1. In 1810, Sir Stamford Raffles founded the island of Singapore and later claimed it in an attempt to create a trading post for the British. This trading post was located on the southern tip of the Malay Peninsula, which was important for trade from East Asia and India. In the early 19th century, Malays, Chinese, and Indians came to Singapore to begin trade. The language spoken by these ethnicities affected one another and resulted in a choppy, sing-song version of the Queen’s English with heavy accents from the Hokkien, Malay, Cantonese, Tamil, and more.
2. While Singlish may be based off British English, most of its influence comes from Chinese and Malay. Words from Hokkien, Mandarin, Malay, Cantonese, and Tamil are often added to everyday conversation. Singlish has many distinct and unique features. One of the first things you notice when speaking to a native Singaporean is the way they drop grammatical endings, linking verbs, tenses, and plurals. For instance, if you wanted to say, “You walk so slowly,” in Singlish, you would say, “You walk so slow.” Or if you wanted to say, “She sho...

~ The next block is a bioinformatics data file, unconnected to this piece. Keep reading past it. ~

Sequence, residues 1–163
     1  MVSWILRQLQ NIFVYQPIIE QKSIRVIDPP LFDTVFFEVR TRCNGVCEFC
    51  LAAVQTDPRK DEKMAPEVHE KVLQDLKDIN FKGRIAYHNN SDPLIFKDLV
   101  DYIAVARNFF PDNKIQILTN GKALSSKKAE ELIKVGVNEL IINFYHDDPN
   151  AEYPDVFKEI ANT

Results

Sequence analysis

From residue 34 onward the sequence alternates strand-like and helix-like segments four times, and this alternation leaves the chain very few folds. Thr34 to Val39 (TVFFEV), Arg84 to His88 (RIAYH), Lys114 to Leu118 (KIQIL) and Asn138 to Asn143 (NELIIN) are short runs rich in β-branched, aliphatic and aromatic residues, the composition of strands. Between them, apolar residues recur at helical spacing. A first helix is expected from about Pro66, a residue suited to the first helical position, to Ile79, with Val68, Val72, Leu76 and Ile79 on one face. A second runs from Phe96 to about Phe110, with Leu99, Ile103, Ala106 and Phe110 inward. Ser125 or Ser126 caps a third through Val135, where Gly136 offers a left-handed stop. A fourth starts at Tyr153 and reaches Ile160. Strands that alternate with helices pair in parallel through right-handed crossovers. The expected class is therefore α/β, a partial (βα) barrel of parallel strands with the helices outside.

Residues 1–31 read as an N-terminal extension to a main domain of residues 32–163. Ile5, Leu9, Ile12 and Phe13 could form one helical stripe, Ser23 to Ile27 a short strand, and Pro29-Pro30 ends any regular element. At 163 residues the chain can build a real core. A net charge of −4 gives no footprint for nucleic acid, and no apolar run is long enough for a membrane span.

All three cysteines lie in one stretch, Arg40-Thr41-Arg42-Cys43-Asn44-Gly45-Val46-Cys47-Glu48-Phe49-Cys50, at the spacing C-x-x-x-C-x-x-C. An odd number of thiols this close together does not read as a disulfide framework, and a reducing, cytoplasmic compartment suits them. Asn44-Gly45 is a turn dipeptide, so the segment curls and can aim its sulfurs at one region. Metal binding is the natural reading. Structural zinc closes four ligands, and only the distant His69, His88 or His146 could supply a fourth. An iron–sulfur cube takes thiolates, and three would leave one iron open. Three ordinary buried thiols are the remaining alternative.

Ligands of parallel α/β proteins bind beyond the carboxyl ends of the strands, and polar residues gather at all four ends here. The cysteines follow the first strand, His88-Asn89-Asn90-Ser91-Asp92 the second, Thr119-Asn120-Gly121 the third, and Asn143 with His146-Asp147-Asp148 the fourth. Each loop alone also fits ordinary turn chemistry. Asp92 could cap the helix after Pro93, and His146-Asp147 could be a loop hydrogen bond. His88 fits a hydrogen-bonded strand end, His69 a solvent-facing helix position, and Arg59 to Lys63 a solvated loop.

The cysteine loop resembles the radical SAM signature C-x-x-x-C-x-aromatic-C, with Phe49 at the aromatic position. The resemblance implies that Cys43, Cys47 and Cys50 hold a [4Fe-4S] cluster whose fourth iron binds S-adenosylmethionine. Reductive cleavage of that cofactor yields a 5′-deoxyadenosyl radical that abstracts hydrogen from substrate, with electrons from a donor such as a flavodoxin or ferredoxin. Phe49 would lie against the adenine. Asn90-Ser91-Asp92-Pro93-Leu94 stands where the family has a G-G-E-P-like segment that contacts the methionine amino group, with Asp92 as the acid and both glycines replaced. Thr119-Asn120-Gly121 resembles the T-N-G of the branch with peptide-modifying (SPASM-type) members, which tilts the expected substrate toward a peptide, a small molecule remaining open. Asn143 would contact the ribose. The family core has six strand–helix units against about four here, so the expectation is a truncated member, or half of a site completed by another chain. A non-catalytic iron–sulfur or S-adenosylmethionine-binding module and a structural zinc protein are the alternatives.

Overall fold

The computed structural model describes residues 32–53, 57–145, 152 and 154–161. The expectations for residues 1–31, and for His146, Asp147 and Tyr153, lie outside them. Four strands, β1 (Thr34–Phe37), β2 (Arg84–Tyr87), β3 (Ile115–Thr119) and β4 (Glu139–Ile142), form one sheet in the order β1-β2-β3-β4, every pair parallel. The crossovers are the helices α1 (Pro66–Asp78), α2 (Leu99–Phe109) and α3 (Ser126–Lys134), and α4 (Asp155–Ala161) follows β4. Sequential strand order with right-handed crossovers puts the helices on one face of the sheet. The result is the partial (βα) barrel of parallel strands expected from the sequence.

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...nister for Information and the Arts, to improve and maintain Standard Singapore English. He finally decided to keep Singlish as a part of their culture but prohibited in schools and formal gatherings. Even today, SGEM strives to expand the efficiency of English in school, reminding students that while Singlish may be an important part of our culture, it is even more important that the rest of the world can understand us and we can understand them.
4. Singlish is a melting pot of many different languages that can sound fun and upbeat to some people, but can make others cringe at the sound of misused grammar. You know you’re speaking with a Singaporean when you hear the reduplication and discourse particles, and the elimination of linking verbs. Singlish is a crucial part of their identity and their culture as it brings everyone together despite their social class.
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